Mads Pedersen powers to Giro d'Italia stage six win, heartbreak for the break
Trek-Segafredo rider completes the Grand Tour trilogy, with stage wins at the Giro, Tour de France, and Vuelta a España
Mads Pedersen timed his sprint to perfection to take victory on stage six of the Giro d'Italia in Napoli on Thursday, as the last two riders from the day's break were caught with 200m to go.
The Trek-Segafredo rider has now won stages at all three Grand Tours, with his Giro win added to the stage he won at the Tour de France last July, and the three stages he won at the Vuelta a España in 2023.
"I'm pretty happy," Pedersen said. "It's what we came for so it's nice to have a victory now. It was a tough day for the team and it's nice to pay them back with this victory. [It is a ] good day."
His victory was not the overarching story of the day, however, that was the heartbreak doled out to the two surviving members of the breakaway, Alessandro De Marchi (Jayco AlUla) and Simon Clarke (Israel-Premier Tech), who were caught within the final 200m.
The pair were alone for the final 60km after they dropped the rest of their escape companions - Charlie Quarterman (Corratec-Selle Italia), Alexandre Delettre (Cofidis) and Francesco Gavazzi (EOLO-Kometa) - on the final classified climb of the day, the Picco Sant'Angelo, and looked like they might hang on.
The peloton could not effectively organise a chase on the twisty roads of the Amalfi coast, which led the duo out front to maintaining a gap through to the very end.
Despite looking like they would have enough of a gap inside the final kilometre, De Marchi and Clarke were swept up with the finish line in sight.
"It was pretty close in the end. It wasn't easy to catch them," Pedersen said. "For a long time they have two minutes and we had to use basically everyone. And it wasn't only us – all the sprinters had to use all the guys they had available. It was really not easy to catch them.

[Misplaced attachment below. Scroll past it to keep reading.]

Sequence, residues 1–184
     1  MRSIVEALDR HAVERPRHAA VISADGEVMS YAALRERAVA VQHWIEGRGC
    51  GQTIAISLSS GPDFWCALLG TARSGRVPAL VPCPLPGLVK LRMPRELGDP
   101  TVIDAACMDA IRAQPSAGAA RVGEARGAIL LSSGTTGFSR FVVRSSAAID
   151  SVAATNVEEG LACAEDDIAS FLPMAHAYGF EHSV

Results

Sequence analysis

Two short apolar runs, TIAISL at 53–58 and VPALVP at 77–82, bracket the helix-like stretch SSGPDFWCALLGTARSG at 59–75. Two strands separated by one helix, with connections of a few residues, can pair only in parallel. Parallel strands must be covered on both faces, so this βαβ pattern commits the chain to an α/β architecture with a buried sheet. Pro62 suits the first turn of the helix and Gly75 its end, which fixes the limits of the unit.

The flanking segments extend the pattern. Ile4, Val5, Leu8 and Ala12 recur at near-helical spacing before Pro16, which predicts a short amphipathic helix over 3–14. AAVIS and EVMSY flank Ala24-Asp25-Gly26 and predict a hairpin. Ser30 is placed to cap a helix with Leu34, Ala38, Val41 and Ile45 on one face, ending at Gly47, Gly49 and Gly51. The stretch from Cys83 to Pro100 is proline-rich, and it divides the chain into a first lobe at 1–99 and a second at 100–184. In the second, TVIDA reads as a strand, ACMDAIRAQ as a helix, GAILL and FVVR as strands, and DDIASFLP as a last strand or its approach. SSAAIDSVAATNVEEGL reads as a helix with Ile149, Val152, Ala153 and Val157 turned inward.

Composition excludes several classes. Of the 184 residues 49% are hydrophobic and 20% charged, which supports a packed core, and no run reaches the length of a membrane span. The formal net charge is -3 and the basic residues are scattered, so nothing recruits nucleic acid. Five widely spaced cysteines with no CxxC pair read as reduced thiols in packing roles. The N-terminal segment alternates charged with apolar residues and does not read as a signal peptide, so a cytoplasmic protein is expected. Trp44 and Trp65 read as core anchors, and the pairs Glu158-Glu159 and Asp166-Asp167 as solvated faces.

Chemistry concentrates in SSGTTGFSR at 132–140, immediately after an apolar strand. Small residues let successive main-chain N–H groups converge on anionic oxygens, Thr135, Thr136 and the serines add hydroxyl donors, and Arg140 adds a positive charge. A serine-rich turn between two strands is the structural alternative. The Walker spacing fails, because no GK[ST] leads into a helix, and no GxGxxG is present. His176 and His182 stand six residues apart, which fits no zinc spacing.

"What was it – 300 metres to go we caught them? I feel sorry for those guys because they did really, really well, but I'm happy I could take the win."
Fernando Gaviria (Movistar) opened his sprint up first, but was expertly tailed and then overtaken by Pedersen. Behind the Dane, Jonathan Milan (Bahrain-Victorious) nabbed second, with Pascal Ackermann (UAE Team Emirates) in third. Yesterday's stage winner, Kaden Groves (Alpecin-Deceuninck) finished fourth.
"It was pretty tough," Pedersen added. "I wanted to open a long sprint because we had to catch these guys. But luckily for me Gaviria did it before and I had someone in front to try to catch. He did a really strong sprint and it was not easy."
There were less crashes than on stage five, but there was still drama on stage six, with Primož Roglič (Jumbo-Visma) and Geraint Thomas (Ineos Grenadiers) both general classification riders who suffered mechanical issues inside the final 15km, but both made it back into the bunch.
Meanwhile, Mark Cavendish (Astana-Qazaqstan) crashed for the second day in a row, and he was unable to compete in the final sprint.
GIRO D'ITALIA 2023 STAGE six RESULTS (Napoli to Napoli):
1. Mads Pedersen (Den) Trek-Segafredo, in 3-44-45
2. Jonathan Milan (Ita) Bahrain-Victorious
3. Pascal Ackermann (Deu) UAE Team Emirates
4. Kaden Groves (Aus) Alpecin-Deceuninck
5. Fernando Gaviria (Col) Movistar
6. Michael Matthews (Aus) Jayco-AIUla
7. Vincenzo Albanese (Ita) EOLO-Kometa
8. Marius Mayrhofer (Deu) DSM
9. Lorenzo Rota (Ita) Intermarché-Circus-Wanty
10. Simone Velasco (Ita) Astana-Qazaqstan, all at same time
General classification after stage six
1. Andreas Leknessund (Nor) DSM, in 22-50-48
2. Remco Evenepoel (Bel) Soudal Quick-Step, at 28s
3. Aurelien Paret-Peintre (Fra) AG2R Citroën, at 30s
4. Joao Almeida (Por) UAE Team Emirates, at 1-00
5. Primož Roglič (Slo) Jumbo-Visma, at 1-12
6. Geraint Thomas (GBr) Ineos Grenadiers at 1-26
7. Aleksandr Vlasov (Rus) Bora-Hansgrohe at same time
8. Tom Skuijns (Lat) Trek-Segafredo) at 1-29
9. Tao Geoghegan Hart (GBr) Ineos Grenadiers, at 1-30
10. Vincenzo Albanese (Ita) Eolo-Kometa, at 1-39
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Adam is Cycling Weekly’s senior news and feature writer – his greatest love is road racing but as long as he is cycling on tarmac, he's happy. Before joining Cycling Weekly he spent two years writing for Procycling, where he interviewed riders and wrote about racing, speaking to people as varied as Demi Vollering to Philippe Gilbert. Before cycling took over his professional life, he covered ecclesiastical matters at the world’s largest Anglican newspaper and politics at Business Insider. Don't ask how that is related to cycling.
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